Last night I wrote a post about the questions I get asked the most about writing online. In it I wrote a small snippet about the importance of being honest, in which I wrote two different paragraphs about the engagement season to illustrate the difference when you’re being open about yourself. Thinking about it today, I was thinking that there really is a lot more I could write about the final months leading up to The Big Day. The bestowing of The One Ring to Rule Them All. The end of my old mancave life as I know it.
Oh, and I also wrote about the importance of writing consistently, so this is probably me making up for a few weeks that I’ve skipped over on the regular content! Continue reading
Whether it’s the inability to find someone worthwhile, or feeling stuck in a relationship – what do you do when nobody is good enough for you?
This one comes to you on the other side of some exciting personal news. I’ve recently gotten engaged in the last week or so, and Walking The Shoreline has had over 400,000 visitors! I am truly humbled by all the visitors I’ve had over the last few years, as well as all the messages I get from all across the world of how a few simple words from me have fostered some thought and even some life changing decisions. One of my absolute favourite sorts of messages and conversations have been about how people have seen their marriages and relationships turn around for the better. I love hearing any of those sorts of stories, so make sure you drop me a line on my Facebook page! Continue reading
The African proverb says, “If you want to travel fast, go alone; if you want to travel far, go together”. A growing majority of single and married people are choosing the former. Are you too busy for a relationship?
I think one of the most common statements I hear when people discuss the topic of relationships, or anything really, is how busy they are. Any time I’m in an elevator somewhere, the small talk conversation is always obsessive about the level of busy-ness. “So so busy, I don’t even know how we’ll get it done”. “Busy, but good busy”. “It’s good to have lots to do”. And while I believe in living a full life, I think it’s interesting how our preoccupation with busy replaces our pursuit of other things in life.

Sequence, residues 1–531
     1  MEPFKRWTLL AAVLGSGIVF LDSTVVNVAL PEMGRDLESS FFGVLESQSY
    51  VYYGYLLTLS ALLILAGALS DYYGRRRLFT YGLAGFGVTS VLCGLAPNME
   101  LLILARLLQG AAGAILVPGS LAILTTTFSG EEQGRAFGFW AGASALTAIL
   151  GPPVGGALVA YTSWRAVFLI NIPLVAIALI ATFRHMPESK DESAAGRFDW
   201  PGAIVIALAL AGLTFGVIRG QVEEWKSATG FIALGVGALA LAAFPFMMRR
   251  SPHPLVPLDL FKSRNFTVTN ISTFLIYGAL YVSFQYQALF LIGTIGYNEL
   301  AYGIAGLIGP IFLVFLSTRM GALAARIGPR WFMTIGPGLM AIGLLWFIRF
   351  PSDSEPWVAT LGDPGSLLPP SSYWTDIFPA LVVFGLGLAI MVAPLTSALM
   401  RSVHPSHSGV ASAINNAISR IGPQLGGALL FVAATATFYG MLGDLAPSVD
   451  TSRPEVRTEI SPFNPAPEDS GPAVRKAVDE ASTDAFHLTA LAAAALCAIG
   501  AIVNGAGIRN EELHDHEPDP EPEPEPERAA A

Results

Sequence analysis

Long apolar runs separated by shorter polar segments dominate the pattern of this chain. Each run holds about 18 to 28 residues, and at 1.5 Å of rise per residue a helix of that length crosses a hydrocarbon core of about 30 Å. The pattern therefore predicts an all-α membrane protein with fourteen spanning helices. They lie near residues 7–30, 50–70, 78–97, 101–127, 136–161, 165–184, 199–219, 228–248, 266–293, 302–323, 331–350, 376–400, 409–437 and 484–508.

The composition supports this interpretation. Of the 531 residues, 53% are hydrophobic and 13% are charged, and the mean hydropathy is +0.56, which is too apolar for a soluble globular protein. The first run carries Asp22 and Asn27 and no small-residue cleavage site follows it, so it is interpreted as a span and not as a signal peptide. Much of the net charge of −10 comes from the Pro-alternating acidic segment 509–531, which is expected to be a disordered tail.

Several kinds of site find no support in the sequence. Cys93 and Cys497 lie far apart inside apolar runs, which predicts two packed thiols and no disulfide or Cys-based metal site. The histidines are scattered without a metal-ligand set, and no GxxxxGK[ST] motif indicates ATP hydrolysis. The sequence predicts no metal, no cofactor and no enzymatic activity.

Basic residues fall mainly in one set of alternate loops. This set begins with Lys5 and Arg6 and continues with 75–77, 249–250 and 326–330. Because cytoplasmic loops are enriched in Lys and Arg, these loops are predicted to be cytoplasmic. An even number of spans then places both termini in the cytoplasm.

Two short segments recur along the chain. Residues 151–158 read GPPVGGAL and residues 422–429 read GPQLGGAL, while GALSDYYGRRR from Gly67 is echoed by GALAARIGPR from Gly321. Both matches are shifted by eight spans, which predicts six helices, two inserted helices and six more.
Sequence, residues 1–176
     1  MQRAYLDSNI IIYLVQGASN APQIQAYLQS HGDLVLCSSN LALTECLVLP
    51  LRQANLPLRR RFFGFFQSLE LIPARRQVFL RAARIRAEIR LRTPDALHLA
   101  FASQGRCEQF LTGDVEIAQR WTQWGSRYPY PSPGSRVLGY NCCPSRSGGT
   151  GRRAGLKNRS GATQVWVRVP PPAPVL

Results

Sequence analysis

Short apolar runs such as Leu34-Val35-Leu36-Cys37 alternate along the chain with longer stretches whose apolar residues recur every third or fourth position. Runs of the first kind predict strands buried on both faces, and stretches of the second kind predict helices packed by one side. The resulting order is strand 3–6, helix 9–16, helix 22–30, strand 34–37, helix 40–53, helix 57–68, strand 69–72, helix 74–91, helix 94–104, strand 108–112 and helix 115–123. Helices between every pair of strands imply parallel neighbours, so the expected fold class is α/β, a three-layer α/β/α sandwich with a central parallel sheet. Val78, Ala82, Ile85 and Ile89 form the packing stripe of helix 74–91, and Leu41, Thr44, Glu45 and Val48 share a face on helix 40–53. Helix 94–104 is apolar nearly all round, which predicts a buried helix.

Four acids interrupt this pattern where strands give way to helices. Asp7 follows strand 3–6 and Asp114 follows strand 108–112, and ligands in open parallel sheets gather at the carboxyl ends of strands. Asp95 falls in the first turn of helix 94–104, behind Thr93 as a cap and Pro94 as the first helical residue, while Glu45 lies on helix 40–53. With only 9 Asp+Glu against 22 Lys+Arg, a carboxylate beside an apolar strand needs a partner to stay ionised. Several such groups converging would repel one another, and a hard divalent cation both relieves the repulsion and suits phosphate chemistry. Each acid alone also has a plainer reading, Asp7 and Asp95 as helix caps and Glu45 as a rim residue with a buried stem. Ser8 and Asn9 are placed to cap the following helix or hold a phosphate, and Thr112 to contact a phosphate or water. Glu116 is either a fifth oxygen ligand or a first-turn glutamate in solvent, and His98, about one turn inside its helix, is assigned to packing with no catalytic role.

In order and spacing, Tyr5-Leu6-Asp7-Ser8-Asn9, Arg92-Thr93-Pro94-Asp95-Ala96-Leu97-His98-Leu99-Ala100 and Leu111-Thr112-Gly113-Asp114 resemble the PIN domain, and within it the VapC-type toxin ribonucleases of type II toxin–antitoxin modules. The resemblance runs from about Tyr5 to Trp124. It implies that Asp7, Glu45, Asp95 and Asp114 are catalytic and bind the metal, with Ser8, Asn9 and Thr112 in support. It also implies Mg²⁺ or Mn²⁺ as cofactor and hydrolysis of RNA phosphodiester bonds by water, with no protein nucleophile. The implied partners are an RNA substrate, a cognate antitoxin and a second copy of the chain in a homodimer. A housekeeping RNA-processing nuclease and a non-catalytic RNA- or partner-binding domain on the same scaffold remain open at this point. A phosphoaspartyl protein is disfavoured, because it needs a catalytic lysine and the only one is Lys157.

When it comes to someone’s love life, not just their work environment, the obsession with being busy is almost the go-to line. Many people when asked about why they don’t have a man or a woman yet respond with, “Hey, I’m just too busy for a relationship”. “I’m too busy loving myself to love someone else”. “I have too much on and don’t have to meet or court anyone”.
I’ve seen and known and continue to hear of people who break off or undervalue their current relationships because of how busy their calendar has become. Wives and husbands sit at home waiting for their partner during what is supposedly free time but have to deal with such a full calendar where their spouse has no longer made room for them. Perhaps that’s how their whole relationship has been from the start.
Can you be too busy for a relationship? I think you can. It always makes wonder, is this really the right path to take?
I guess this is the real question I ask anyone who says they’re really busy, including myself. When I see a busy schedule I think, man, where has all my time gone? And it’s definitely worthwhile finding out.
When you say you’re busy, what do you really mean? Do you mean you literally had something on every second of every day? Do you mean that you’re out of energy from the things you have already done that week and don’t have enough energy for anything else? Do you mean that you want to keep your plans free in case something comes up?
Busy can mean so many things, but I guess we just want to make sure when we are busy, that it’s doing the right things.
You could be busy planning a big meeting. You could be busy completing an assignment or preparing for a big presentation. You could be busy checking your investment portfolio or managing your properties.
You could also be busy loving your wife or husband. You could also be physically and emotionally blocked out to anything and anyone else in order to spend time with your girlfriend or boyfriend. You could be busy putting yourself out there, meeting people, dating or courting or “catching up” with this guy you’re not really sure about, or this girl that you’ve wanted to get to know better.
A BBC article on the topic highlighted that a lot of people are less busy than they actually are. It’s usually more a feeling of pressure from being always potentially available, or always being able to jump online and finish off a few more tasks in the agenda. They also put it down to attaining one’s identity from a full time commitment over what you’re actually doing in that time. In other words, it’s an issue of priority.